February is Responsible Pet Owner Month



What exactly does this mean?

Being a responsible pet owner is much more than just providing adequate water, food and shelter for your pet. Domestic pets are completely dependent on their owners for their welfare. Understand the commitment involved in adopting a pet. Research the average lifespan of the animal you are interested in and consider how your life may change over that length of time. How many times will you move? Will you have children? What will happen to your pet if you can’t care for it any longer?

Be kind to your pets and give them lots of love and attention... remember you are their world!

A dog should always be wearing its licence tag, you never know when they will wander off and get lost. A microchip is also a good idea; it serves as a permanent form of identification and cannot be removed or altered. Having both a tag and microchip is the best way to ensure your dog is returned home.


Just like people, animals have different personalities and activity levels. Choose a pet that suits your lifestyle, e.g. an energetic dog for an active family. Research the breed background so that you are prepared for grooming requirements, common illnesses, and personality traits.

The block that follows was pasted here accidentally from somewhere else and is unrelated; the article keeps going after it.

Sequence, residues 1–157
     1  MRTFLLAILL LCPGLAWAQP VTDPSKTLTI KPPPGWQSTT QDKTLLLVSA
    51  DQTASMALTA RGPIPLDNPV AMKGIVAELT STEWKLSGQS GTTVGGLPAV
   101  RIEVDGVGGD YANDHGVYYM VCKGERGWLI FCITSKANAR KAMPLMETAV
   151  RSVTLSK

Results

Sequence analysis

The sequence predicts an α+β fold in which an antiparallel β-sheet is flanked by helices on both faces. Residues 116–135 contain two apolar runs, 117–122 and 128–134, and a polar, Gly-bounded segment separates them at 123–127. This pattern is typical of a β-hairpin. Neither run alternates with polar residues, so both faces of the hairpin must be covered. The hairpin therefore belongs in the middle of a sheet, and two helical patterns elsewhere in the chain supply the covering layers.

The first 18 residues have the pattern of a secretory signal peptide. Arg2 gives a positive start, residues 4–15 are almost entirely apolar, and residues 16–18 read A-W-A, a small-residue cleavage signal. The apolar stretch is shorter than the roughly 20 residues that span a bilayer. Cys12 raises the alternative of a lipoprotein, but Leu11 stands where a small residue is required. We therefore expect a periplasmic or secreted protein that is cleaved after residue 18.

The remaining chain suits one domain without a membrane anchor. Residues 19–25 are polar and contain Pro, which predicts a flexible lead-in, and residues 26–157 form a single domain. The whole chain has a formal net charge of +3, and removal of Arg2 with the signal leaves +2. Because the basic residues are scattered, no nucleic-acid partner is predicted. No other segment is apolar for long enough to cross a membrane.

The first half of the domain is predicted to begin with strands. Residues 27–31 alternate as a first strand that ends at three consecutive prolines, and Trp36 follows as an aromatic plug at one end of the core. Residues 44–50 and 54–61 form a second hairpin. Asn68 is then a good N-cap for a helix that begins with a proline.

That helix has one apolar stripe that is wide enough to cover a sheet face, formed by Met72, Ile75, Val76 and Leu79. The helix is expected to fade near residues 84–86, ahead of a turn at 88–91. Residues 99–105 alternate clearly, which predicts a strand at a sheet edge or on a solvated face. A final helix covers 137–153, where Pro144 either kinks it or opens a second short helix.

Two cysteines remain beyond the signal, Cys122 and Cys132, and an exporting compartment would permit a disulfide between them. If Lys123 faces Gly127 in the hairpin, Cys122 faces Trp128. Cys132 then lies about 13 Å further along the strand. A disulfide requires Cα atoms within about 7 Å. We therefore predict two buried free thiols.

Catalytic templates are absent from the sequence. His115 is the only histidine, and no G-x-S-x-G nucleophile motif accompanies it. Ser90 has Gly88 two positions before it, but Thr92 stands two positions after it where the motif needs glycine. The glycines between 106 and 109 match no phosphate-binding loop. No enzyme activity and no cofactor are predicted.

Dogs strive on companionship and need to be with their human pack. Chaining a dog to a dog house is not a good life; they deserve to be by your side as member of the family.

Exercise is very important for your dog however, make sure it’s always walked on a leash unless in an approved off-leash and fenced in area.


Cats are safest when they remain indoors. Consider the potential risks to roaming cats, such as being hit by a car, attacked by another animal, exposure to infectious disease, frostbite, and the list goes on. Many cats enter shelters because they have been viewed as a nuisance by neighbours and do not have identification.


Nutrition is just as important to your pet as it is to you. Pets suffer the same types of obesity related health issues as people and a diet that lacks proper nutrition can lead to malnourishment and disease. Some human foods such as chocolate and artificial sweeteners can even be deadly to pets.






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